When Canada became the second country in the world to legalize cannabis production, it did so after more than two years of in-depth consultation with everyone from stakeholder communities, healthcare organizations, and law enforcement agencies.

The fruit of these consultations was a law — the Cannabis Act of 2018 — that moved away from the punitive, prohibitionary framework that has dominated Canadian drug law since the 1920s and toward a legalization program that would allow adult consumers to use cannabis recreationally while discouraging use amongst minors.

In order to reassure the more sceptical elements of the public that this Act would create a legal framework rigorous enough to keep cannabis products away from children and keep profits away from criminals, the government introduced a number of provisions governing how cannabis could be sold, and who was legally qualified to sell it.

Perhaps the most significant regulation to come into play is one that had already been operative since cannabis was first legalized for medicinal use in 2001: the requirement that all cannabis sellers provide transparent tracking from seed-to-sale for every one of their products.

Staying compliant with this regulation requires cannabis producers and sellers to keep track of huge amounts of data, which has in turn, fuelled a secondary industry dedicated to helping them stay on the right side of government regulations. But how does this regulatory framework actually operate, and how do businesses ensure that they can demonstrate that they are upholding their end of the deal?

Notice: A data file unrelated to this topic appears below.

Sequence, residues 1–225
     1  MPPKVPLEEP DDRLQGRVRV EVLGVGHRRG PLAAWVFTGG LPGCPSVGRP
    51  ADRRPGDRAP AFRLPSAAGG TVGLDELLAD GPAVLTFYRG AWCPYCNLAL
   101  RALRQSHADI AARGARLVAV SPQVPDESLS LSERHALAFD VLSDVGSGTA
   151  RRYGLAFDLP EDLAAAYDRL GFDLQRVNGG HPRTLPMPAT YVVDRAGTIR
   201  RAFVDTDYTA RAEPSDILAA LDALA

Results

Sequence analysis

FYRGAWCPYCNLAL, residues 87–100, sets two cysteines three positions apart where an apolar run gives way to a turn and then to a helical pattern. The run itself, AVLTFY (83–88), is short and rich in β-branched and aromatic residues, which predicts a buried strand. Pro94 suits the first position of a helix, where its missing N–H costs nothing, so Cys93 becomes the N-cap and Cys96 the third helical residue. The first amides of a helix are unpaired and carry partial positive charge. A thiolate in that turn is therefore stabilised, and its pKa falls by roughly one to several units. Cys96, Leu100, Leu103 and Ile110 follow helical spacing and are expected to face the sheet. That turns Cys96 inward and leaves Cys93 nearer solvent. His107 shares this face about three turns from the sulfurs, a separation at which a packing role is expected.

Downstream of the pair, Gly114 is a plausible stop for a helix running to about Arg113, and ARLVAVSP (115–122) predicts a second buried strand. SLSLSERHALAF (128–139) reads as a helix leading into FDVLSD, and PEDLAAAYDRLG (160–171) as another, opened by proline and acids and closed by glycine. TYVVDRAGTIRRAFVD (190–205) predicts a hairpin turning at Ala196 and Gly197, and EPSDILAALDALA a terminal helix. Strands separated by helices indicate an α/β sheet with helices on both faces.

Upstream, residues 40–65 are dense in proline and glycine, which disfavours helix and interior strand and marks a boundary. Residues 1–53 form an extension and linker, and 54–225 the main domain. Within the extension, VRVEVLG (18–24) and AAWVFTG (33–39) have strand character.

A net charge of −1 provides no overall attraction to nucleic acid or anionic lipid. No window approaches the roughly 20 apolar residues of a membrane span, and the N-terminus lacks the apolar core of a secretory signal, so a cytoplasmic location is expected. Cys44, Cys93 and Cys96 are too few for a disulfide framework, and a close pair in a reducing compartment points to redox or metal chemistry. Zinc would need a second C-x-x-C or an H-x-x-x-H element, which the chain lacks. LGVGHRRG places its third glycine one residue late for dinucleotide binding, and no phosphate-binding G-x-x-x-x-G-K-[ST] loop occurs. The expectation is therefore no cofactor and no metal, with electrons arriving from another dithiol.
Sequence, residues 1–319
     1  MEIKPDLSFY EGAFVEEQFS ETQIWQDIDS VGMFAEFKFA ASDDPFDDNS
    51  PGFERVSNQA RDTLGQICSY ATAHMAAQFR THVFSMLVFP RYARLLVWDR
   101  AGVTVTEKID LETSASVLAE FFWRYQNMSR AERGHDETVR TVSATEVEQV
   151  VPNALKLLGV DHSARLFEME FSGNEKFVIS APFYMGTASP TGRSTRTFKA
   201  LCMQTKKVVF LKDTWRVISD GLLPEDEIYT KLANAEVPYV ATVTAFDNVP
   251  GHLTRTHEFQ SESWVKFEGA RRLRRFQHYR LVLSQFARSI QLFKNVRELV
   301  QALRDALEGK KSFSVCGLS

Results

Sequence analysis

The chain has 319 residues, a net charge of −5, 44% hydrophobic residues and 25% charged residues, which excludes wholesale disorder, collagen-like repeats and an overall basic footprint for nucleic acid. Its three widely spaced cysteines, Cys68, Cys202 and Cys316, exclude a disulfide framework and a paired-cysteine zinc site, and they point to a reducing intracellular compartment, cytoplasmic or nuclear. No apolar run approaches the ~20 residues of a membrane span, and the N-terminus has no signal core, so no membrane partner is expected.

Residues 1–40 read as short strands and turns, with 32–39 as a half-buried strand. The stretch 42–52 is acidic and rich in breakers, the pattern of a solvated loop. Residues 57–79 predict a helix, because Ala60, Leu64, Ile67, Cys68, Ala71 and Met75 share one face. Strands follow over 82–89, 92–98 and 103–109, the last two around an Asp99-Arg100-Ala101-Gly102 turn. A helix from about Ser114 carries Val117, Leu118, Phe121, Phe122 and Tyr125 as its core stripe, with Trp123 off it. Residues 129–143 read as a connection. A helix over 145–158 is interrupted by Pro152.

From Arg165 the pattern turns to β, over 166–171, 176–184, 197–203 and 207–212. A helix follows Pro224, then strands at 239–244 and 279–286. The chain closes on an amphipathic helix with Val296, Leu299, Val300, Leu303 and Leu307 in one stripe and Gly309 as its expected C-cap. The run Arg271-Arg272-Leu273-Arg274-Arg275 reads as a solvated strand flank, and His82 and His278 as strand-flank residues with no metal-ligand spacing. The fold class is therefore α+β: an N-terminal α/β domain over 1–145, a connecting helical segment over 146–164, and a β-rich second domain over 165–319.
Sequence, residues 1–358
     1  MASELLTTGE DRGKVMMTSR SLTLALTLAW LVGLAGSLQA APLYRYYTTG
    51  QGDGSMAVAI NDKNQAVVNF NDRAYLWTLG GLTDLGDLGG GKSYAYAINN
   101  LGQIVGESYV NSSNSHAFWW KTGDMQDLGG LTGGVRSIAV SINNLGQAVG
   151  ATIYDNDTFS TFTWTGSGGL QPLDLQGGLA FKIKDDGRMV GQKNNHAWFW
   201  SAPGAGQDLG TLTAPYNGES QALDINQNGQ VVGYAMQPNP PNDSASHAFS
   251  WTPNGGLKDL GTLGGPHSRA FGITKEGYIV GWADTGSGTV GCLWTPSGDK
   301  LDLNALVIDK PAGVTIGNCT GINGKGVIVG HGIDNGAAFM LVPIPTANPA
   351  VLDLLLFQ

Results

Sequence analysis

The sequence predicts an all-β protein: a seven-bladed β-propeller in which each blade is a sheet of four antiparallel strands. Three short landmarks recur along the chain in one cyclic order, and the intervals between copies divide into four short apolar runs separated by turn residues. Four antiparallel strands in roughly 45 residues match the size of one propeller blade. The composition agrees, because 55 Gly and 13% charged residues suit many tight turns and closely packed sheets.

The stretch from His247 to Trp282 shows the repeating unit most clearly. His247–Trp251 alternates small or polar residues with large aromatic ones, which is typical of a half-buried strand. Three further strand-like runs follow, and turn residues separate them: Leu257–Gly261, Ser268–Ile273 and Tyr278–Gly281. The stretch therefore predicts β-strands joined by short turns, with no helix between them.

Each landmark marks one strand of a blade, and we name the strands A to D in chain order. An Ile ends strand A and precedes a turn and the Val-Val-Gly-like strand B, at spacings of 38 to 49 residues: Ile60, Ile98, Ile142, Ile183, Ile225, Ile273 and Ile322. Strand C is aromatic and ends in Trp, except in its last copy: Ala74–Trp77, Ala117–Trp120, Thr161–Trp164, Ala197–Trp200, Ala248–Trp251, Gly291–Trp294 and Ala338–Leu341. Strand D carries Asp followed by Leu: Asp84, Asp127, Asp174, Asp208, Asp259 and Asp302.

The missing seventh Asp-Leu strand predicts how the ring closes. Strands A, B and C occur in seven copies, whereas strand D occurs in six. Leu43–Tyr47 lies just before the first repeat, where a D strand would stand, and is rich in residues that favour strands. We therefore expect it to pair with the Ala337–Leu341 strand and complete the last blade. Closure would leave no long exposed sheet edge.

The government requirements essentially exist for one simple reason: to ensure that the criminal operations that have profited off of cannabis sales since cannabis was first banned in 1923 are cut out of the supply chain. This means that legitimate producers need to be able to provide detailed information about the origins and history of every single one of their plants.

To do so, many cannabis producers and sellers are turning to companies like Ample Organics, which have developed specialized tools to help track cannabis cultivation, harvest, and processing. Ample Organics uses a sophisticated but streamlined system that uses wireless tracking guns to log information about each individual cannabis plant via digital barcodes affixed to the planters (those interested can visit Ample Organics to learn more about how this system works).

This allows growers to immediately log every move of every plant in real time, and to provide those digital records as proof of product origin and cultivation to their partners and clients, without slowing down operations or risking potentially serious compliance lapses due to errors caused by manual record keeping.

It also ensures that the very same concerned citizens groups that expressed uncertainty about the speed at which cannabis legalization seemed to be happening can be mollified somewhat by the knowledge that any cannabis that reaches a dispensary has already undergone extensive testing and quality control, and has been cultivated in such a way as to guarantee that the profits are — for the first time in Canadian history — going to legitimate businesses rather than organized criminal groups.